March 13, 2013
Federal judge decides "self-torture" not quite sufficient punishment for corrupt NJ mayorThe headline of this post is a slightly-tongue-in-check reaction to the lead paragraph in this new local story about today's federal sentencing of a corrupt politician in New Jersey. Here is how the article begins and some more notable sentencing details:
The former mayor of New Jersey’s largest suburb was sentenced Wednesday to more than three years in prison for corruption after telling a judge he lives with “self-torture” every day over the crimes. Former Hamilton Township Mayor John Bencivengo also was ordered to participate in a mental health program in prison. A forensic psychologist testified at the sentencing that Bencivengo has suffered from major depression since 2008.
Bencivengo also must pay back at least $7,400 in money he accepted as part of a bribery sting. In addition to his 38-month federal prison sentence, he will also face three years of probation when he is released and must pay thousands of dollars in fines.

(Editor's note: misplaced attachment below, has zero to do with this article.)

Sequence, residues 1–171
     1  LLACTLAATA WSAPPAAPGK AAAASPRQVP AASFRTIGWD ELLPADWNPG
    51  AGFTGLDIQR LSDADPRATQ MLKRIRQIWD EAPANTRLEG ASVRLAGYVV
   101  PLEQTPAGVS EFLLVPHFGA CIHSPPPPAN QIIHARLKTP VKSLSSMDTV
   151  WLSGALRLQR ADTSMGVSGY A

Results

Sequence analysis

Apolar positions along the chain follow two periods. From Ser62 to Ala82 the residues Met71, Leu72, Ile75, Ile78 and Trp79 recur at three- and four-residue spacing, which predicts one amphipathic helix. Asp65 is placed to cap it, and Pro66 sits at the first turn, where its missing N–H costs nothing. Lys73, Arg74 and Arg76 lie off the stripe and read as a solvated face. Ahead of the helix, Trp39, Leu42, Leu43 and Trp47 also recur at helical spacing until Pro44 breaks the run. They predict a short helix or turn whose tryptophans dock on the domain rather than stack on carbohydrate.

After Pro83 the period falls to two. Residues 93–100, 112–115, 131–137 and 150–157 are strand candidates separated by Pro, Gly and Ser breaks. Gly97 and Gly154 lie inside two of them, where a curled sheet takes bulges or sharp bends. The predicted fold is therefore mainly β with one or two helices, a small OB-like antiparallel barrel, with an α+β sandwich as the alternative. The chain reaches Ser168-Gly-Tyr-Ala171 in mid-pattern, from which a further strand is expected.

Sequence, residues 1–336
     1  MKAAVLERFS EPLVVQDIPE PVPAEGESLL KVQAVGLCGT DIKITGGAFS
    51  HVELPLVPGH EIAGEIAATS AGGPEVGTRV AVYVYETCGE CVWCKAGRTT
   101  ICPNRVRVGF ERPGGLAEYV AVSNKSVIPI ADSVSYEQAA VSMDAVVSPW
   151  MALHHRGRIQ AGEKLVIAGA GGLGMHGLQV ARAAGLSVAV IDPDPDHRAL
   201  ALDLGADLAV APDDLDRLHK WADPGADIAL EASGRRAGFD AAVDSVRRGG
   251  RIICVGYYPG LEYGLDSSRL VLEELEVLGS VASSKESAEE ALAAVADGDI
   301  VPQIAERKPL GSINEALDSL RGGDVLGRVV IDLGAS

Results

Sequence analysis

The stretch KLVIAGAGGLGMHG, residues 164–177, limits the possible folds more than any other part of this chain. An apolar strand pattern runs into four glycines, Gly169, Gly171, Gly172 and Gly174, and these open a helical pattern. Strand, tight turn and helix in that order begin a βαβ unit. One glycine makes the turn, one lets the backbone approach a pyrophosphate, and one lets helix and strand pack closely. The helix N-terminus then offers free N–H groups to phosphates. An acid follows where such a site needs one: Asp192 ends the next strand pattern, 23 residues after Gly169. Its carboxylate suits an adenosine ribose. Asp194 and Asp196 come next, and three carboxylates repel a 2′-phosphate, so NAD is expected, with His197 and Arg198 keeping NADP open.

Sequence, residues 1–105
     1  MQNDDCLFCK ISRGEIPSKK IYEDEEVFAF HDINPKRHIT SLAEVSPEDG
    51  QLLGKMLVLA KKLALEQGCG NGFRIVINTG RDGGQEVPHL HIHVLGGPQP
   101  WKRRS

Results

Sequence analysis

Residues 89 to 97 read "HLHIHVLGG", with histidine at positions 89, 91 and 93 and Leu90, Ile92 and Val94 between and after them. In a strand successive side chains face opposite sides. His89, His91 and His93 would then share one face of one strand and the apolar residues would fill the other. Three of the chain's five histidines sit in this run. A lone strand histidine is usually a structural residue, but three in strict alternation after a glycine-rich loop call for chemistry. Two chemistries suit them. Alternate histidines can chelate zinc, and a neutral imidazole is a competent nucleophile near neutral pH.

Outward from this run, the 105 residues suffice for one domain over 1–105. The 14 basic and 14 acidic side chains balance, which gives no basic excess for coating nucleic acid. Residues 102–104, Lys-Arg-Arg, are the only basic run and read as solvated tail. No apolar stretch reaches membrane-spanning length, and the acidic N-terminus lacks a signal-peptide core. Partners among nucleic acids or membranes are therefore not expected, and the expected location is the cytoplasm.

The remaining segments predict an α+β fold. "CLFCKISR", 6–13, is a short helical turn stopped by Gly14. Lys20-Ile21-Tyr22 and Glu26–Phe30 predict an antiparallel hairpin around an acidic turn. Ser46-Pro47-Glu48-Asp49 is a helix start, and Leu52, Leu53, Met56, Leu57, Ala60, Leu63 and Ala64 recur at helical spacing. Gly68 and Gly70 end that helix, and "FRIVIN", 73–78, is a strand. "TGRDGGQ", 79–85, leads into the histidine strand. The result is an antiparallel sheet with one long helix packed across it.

Bencivengo, 58, took responsibility for his actions and cried in court as he spoke about the impact the case had on his 90-year-old-mother. “I have great remorse, anxiety and emotional self-torture on a daily basis over these uncharacteristic circumstances,” Bencivengo said....
Bencivengo had faced up to five to six years in prison. U.S. District Judge Anne Thompson said she considered 60 letters written on the former official’s behalf in lowering the sentence, but had to consider he knowingly accepted money he shouldn’t have. “He has thrown away so much for $12,400,” Thompson said.
Bencivengo was convicted in November on extortion, money laundering and bribery-related counts. He resigned as mayor of the Mercer County community the day after he was convicted. Federal prosecutors said Bencivengo took the bribes from a health insurance broker in 2011....
Bencivengo’s lawyer argued the money was a loan. But U.S. Attorney Harvey Bartle said Bencivengo knew exactly what he was doing when he accepted the first $5,000 in the form of a check made out to a former employee’s wife. Bartle said Bencivengo also acted with official misconduct for accepting cash payments during a weekend trip to Atlantic City. “Government does not take place in Atlantic City hotel rooms,” Bartle said.